There were a million reasons not to go to North Dakota. At so many points I thought “that’s it – I won’t go. It’s a stupid idea”, but then something would happen that made me think “no, I really have to”. So I did. On a number of occasions the ‘something’ was a timely email from Alyce. This, with the benefit of hindsight, seems extraordinarily fortunate in that the road to many a Reservation has a furrow worn in it by myriad white feet engaged in well-intentioned (but largely self-centred) pilgrimages. This steady trickle of ‘saviours’ must be (at best) wearing – but Alyce made time for me.
Whilst I was undoubtedly naive I think it helped that I’d made it clear at the outset that I wasn’t interested in an angry or glorious twilight; rather in what had enabled the tribe to survive a succession of unimaginable trials – whose onset commenced with the arrival of Europeans, an agency that has dealt repeated hammer blows over the ensuing two centuries. And I think my interest in one particular aspect of the contemporary Mandan narrative had perhaps struck a chord.
Always intuitively drawn to creatures of resonance, I had become fascinated with the tribal buffalo herd. This, I had learned, had been instigated as both powerful connection with ancestral culture and source of sustenance in the late 1980’s during Alyce’s tenure as tribal Chair. Central to this cultural heritage was the buffalo dance (depicted by both Catlin and Bodmer), a mimetic means of calling bison to the environs of Mandan towns and an important component in the Okipa, the ceremonial lynchpin in the Mandan annual round.
This seminal experience will hopefully be related in full one day and in appropriately respectful fashion. For now, it will suffice to say that my own ‘expedition’ left me with one most enduring impression which helped me to see my home in Wales with revised perspective.
This is that those who have the will to maintain their culture – and so have a sense of who they are – are much more likely to remain strong and survive. Whereas those who lose it – for whatever reason – quickly descend into dysfunction. I had some sense of this already, but it crystallised as, after an instructive day with Alyce, her brother Kelly and I sat on the prairie in a pick-up surrounded by bison and their calves – whose physical presence in that moment symbolised all at once past, future and the herd as a single continuous organism.
Another moment remains etched in my memory. As we drove across the Reservation, Alyce pointed out landmarks to me. Gesturing at a rocky extrusion on the horizon she said “that’s Thunder Butte over there – a pivotal landmark in our origin story”. I readied my pencil and notebook; “Wow. How does it go?” A moment of silence ensued, at the end of which Alyce said quietly: “We don’t tell that story until the snow comes”. And (it being July) that, it was clear, was that. Everything, it seemed, was done for a reason and at a particular time, this was the mechanism that held everything together – and the need to maintain its integrity was non-negotiable.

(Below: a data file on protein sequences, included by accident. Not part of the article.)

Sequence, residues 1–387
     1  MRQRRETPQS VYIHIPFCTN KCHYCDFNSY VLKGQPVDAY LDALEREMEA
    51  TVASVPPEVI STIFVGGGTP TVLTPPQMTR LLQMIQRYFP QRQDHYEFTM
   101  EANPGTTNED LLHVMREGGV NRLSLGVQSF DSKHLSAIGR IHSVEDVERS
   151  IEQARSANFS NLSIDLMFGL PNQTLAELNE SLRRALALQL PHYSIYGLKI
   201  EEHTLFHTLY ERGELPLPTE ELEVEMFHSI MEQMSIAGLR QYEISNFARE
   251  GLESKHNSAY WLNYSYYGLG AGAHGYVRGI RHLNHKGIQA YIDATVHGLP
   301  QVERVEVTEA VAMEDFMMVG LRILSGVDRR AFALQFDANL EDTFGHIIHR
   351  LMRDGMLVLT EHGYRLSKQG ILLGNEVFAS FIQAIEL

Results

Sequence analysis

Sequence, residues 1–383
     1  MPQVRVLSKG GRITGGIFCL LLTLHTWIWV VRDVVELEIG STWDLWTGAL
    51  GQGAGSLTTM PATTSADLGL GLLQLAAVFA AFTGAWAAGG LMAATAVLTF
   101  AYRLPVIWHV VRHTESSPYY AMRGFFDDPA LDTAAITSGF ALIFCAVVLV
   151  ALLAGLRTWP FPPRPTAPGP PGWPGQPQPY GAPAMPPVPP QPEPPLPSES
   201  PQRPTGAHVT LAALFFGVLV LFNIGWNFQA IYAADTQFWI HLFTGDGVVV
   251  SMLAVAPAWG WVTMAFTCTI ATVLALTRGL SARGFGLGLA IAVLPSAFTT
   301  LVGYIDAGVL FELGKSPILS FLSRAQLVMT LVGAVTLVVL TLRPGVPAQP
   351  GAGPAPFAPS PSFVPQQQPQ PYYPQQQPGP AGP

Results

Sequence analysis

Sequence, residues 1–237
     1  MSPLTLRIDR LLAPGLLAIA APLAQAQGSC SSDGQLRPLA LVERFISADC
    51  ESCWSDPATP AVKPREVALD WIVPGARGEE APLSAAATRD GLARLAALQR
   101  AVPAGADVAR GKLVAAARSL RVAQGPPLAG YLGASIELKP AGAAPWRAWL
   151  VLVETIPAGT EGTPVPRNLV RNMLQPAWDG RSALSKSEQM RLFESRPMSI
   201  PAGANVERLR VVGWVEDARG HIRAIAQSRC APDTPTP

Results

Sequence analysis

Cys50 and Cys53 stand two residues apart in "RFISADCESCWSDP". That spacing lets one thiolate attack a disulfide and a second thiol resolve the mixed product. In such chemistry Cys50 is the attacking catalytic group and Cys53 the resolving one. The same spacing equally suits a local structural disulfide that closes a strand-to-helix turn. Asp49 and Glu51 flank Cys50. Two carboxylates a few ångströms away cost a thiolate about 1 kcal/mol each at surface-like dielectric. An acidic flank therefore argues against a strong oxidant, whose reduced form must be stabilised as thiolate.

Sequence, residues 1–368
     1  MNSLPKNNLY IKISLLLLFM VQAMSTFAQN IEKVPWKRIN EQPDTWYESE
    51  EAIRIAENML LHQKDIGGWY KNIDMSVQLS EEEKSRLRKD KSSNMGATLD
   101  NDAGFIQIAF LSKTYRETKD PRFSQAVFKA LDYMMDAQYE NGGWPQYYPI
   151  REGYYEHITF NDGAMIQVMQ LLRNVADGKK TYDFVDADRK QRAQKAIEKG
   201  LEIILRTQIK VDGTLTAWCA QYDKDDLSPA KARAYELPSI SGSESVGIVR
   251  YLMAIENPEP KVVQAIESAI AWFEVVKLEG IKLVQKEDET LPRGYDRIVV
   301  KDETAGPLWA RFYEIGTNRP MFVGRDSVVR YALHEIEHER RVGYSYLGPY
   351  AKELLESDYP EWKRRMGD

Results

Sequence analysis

Back on the road to Twin Buttes, Alyce told me of the revival of the Okipa ceremony, again in the late 1980’s and of the return – or rather retrieval – of the buffalo, from the adjoining Theodore Roosevelt National Park. Later research in the Rinzler Archives at the Smithsonian relating to these two entwined episodes provided further affirmation and will, I hope, form the bedrock of the artworks I am endeavouring to make – which are concerned with these matters and with memory; both personal and cultural.
Click on Thunder Butte (above, on the horizon) to view photos of Fort Berthold Indian Reservation, July 2009
Despite my best intentions, I probably set out for New Town, North Dakota carrying an unhelpful and self-centred sense of injustice and tragic romance – largely propagated by Hollywood and my own liberal tendencies. But I returned with an overwhelming sense of hope, borne of the extraordinary resilience of the human spirit and of the indisputable role of culture in fuelling it. And within it of ritual – whether expressed as dance, song, story or pictogram – as the pragmatic ‘technology’ through which the land is known and long association with it proclaimed.
Click on the image of the Three Affiliated Tribes sign to view photos from Fort Berthold Indian Reservation, November 2013
But when I returned in November 2013 to make the artwork which I hoped would relate this powerful affirmation, Alyce was recently dead and everything had changed. The lush, tranquil prairie of summer 2009, now a uniform brown, was illuminated day and night by pernicious constellations formed from the roaring flames of gas flare-offs. Innumerable road tankers clattered and growled along shattered roads and fracking wells – the crude automata of the Bakken oil rush – stood like reapers, their scythes arcing unceasingly across the sacred land.
Outwardly, it seemed as though the herd and Thunder Butte had been adopted as motifs by an apparently ostentatious tribal leader who, in the name of cultural continuity, was seeking to line his own pockets and poisoning both the land and all who inhabited it. I left profoundly depressed.
BUT. Who am I to judge? If you’ve been unrelentingly battered, had everything taken from you, you’ll grab a hold of any lifebuoy. And who are we – as mass consumers and proto-polluters – to preach to those we’ve stamped on? To condemn those who seek to secure the most basic elements of what we would perceive as a properly functioning society for themselves and their families?
Nevertheless, when, in stopping in the Four Bears Casino to grab a bar of chocolate, I asked the Native woman in the shop if she’d seen any improvements to life as a result of all the oil money coming into the Reservation, her reply was simple and direct:
“Nope. Just seen a lotta greed. It’s evil”.
Perhaps this shatters another trope. People are, after all, people – wherever you are.
This can’t end on this note. But where will it end?